The dark colors in silvered cast zinc articles are obtained by coating same with a solution of liver of sulphur, and also by rubbing with graphite.
In making mirrors, mercury or quicksilver is poured over tin foil and the glass (absolutely clean) carefully slid upon it so as to exclude the air, when weights are placed upon it and allowed to remain several hours. The mercury and tin foil combine and adhere to the glass.
(2) The glass is first silvered by means of tartaric acid and ammoniacal nitrate of silver, and then exposed to the action of a weak solution of double cyanide of mercury and potassium. When the mercurial solution has spread uniformly over the surface, fine zinc dust is powdered over it, which promptly reduces the quicksilver, and permits it to form a white and brilliant amalgam, adhering strongly to the glass, and which is free from the yellowish tint of ordinary silvered glass, and not easily affected by sulphurous emanations.
To determine whether silvering on an article is light or heavy, clean same with either ether or alcohol and apply to it a drop of 1 5-10 per cent. solution of bi-sulphate of soda. Allow the drop to act for ten minutes and rinse it off with water. If the article is deeply silvered a full round steel-gray spot is produced. Other white metals, barring amalgamated copper, do not show this, but, instead, a ring at the edge of the drop.
Take nitrate silver 2 drachms, distilled water 4 1/2 ounces. Dissolve, and add sal-ammoniac, hyposulphite soda and precipitated chalk each 4 drachms. Mis.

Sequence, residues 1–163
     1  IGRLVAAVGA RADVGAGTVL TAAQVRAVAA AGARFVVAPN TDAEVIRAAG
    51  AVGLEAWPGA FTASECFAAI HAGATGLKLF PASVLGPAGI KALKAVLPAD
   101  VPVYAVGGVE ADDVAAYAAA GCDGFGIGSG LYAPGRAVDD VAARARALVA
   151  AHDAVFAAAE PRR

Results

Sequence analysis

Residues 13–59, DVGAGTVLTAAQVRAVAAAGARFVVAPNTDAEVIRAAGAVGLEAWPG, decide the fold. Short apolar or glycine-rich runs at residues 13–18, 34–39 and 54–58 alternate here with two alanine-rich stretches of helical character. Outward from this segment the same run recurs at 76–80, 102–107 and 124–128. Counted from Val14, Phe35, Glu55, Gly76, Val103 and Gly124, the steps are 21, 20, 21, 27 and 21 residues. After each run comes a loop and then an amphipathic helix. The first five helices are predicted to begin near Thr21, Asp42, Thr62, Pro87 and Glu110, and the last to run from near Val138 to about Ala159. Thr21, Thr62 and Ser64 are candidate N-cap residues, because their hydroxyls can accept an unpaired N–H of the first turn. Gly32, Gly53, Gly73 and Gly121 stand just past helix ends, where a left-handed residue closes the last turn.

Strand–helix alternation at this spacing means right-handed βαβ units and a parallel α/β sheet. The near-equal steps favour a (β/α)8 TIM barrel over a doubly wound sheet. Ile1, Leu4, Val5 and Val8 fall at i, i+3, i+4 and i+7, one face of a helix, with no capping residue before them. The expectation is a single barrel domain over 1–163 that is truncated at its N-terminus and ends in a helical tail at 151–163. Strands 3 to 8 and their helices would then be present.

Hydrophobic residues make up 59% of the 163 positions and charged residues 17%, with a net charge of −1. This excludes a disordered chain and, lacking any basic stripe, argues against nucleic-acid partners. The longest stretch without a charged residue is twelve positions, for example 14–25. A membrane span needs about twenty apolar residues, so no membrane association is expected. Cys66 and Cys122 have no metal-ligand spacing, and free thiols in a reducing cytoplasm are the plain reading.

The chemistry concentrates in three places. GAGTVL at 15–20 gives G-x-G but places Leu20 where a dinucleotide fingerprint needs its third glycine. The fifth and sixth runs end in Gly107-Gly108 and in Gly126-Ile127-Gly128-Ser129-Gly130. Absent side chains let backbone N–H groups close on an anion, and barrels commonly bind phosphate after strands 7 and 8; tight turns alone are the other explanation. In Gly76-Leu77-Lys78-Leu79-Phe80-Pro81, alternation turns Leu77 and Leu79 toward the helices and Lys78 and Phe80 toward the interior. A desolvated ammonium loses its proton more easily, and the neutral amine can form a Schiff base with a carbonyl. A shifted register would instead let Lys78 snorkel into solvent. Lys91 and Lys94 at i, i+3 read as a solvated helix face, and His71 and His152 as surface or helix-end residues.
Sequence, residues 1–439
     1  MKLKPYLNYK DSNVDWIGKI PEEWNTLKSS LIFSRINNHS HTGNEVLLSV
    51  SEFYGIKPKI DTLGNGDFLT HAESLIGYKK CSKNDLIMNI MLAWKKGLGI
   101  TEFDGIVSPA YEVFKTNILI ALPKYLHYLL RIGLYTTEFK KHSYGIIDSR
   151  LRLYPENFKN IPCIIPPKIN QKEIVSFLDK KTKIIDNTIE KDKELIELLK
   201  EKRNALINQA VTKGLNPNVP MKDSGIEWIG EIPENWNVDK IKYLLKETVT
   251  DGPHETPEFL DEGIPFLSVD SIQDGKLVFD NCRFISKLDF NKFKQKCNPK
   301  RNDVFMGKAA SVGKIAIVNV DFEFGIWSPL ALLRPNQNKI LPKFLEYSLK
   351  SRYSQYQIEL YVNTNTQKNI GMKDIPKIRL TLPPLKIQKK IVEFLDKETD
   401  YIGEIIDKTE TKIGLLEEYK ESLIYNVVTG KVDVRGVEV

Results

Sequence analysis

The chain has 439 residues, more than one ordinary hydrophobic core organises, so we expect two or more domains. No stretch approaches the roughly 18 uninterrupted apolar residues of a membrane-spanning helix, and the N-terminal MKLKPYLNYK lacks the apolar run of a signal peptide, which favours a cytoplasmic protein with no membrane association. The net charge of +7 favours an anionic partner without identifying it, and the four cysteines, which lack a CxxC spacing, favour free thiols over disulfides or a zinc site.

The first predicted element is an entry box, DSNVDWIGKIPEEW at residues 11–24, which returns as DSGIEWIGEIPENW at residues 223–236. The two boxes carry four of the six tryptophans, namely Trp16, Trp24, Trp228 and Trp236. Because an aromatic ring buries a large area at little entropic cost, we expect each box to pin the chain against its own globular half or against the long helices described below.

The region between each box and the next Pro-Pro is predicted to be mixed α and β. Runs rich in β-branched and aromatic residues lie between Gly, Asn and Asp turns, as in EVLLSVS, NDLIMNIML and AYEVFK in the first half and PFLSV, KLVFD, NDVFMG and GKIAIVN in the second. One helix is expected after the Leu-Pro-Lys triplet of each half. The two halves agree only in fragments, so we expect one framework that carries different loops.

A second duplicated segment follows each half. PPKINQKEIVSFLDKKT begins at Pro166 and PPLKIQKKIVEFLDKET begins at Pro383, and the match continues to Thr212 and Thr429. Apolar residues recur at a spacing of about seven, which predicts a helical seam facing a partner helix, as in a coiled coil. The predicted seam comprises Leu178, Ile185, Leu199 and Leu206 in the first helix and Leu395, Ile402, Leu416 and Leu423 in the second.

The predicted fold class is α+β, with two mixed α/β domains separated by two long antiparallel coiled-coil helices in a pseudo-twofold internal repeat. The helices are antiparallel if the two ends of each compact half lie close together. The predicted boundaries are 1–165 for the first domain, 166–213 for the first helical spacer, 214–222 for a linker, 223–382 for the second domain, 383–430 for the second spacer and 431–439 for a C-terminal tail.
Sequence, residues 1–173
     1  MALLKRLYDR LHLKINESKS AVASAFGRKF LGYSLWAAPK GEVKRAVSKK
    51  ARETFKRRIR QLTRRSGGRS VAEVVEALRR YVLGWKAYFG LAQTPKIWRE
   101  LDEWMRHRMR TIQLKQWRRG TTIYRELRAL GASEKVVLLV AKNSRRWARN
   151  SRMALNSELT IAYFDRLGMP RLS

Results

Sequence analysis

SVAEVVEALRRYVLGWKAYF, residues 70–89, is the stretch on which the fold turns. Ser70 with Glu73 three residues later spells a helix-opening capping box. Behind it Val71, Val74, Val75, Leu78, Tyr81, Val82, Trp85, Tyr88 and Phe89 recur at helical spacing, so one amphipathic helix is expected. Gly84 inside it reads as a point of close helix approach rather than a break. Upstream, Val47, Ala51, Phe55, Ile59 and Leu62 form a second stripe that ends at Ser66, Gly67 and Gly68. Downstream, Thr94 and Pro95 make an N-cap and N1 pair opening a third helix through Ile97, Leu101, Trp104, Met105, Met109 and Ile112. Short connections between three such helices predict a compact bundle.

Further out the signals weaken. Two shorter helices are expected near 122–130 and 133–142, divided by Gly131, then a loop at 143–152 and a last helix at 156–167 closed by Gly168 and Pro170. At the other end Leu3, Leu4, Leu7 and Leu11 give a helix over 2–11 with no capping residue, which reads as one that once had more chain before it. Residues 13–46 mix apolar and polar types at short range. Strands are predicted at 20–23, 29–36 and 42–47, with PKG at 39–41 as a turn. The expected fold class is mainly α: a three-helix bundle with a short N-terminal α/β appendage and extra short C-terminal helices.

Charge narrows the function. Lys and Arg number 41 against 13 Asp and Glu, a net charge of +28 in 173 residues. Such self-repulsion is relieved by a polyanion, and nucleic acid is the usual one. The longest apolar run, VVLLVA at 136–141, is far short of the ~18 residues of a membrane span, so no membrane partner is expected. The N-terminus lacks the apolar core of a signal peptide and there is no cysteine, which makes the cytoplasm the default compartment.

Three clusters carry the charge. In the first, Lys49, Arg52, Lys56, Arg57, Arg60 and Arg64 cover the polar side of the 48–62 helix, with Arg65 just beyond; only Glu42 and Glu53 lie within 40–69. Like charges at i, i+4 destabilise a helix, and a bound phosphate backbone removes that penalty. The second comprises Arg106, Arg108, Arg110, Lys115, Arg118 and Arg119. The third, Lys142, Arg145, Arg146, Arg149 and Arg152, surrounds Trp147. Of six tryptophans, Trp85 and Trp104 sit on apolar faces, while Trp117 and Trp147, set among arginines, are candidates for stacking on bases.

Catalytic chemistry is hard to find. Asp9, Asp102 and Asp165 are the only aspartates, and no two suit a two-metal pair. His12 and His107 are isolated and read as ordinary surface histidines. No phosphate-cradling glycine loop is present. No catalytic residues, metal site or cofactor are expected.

All surfaces to be plated must be thoroughly cleansed and polished before applying the solution.
A silver ink may be made by rubbing up silver bronze with honey and water.
To determine whether an article is silver or silvered apply the following test: viz., a fluid consisting of 16 parts chromic acid and 32 parts of distilled water. The surface of the article to be tested is to be filed, and the filed place put on the touch-stone and the test water applied. If genuine silver, the touchstone becomes blood red. The deeper the coloration, the finer the quality of the silver. If the article be not genuine silver, but silvered, German silver, tin compositions, etc., the touch is not decomposed by the test water, but cast out in its original color, or, perhaps, in extreme cases, with a dull gray tint.
This alloy is very white and fine-grained, and has great tenacity. It is used in place of brass or gun metal where a superior polish is required and is composed of copper and nickel, to which, according to the different purposes for which it is desired, zinc, lead and tin are added.
Silver sulphate is made by the action of hot, concentrated sulphuric acid on silver.
Silver sulphide is made by the fusion of silver with sulphur.
Similor is a copper-zinc alloy composed of:
89 44-100 parts Copper, 9 93-100 parts Zinc, 62-100 parts Tin.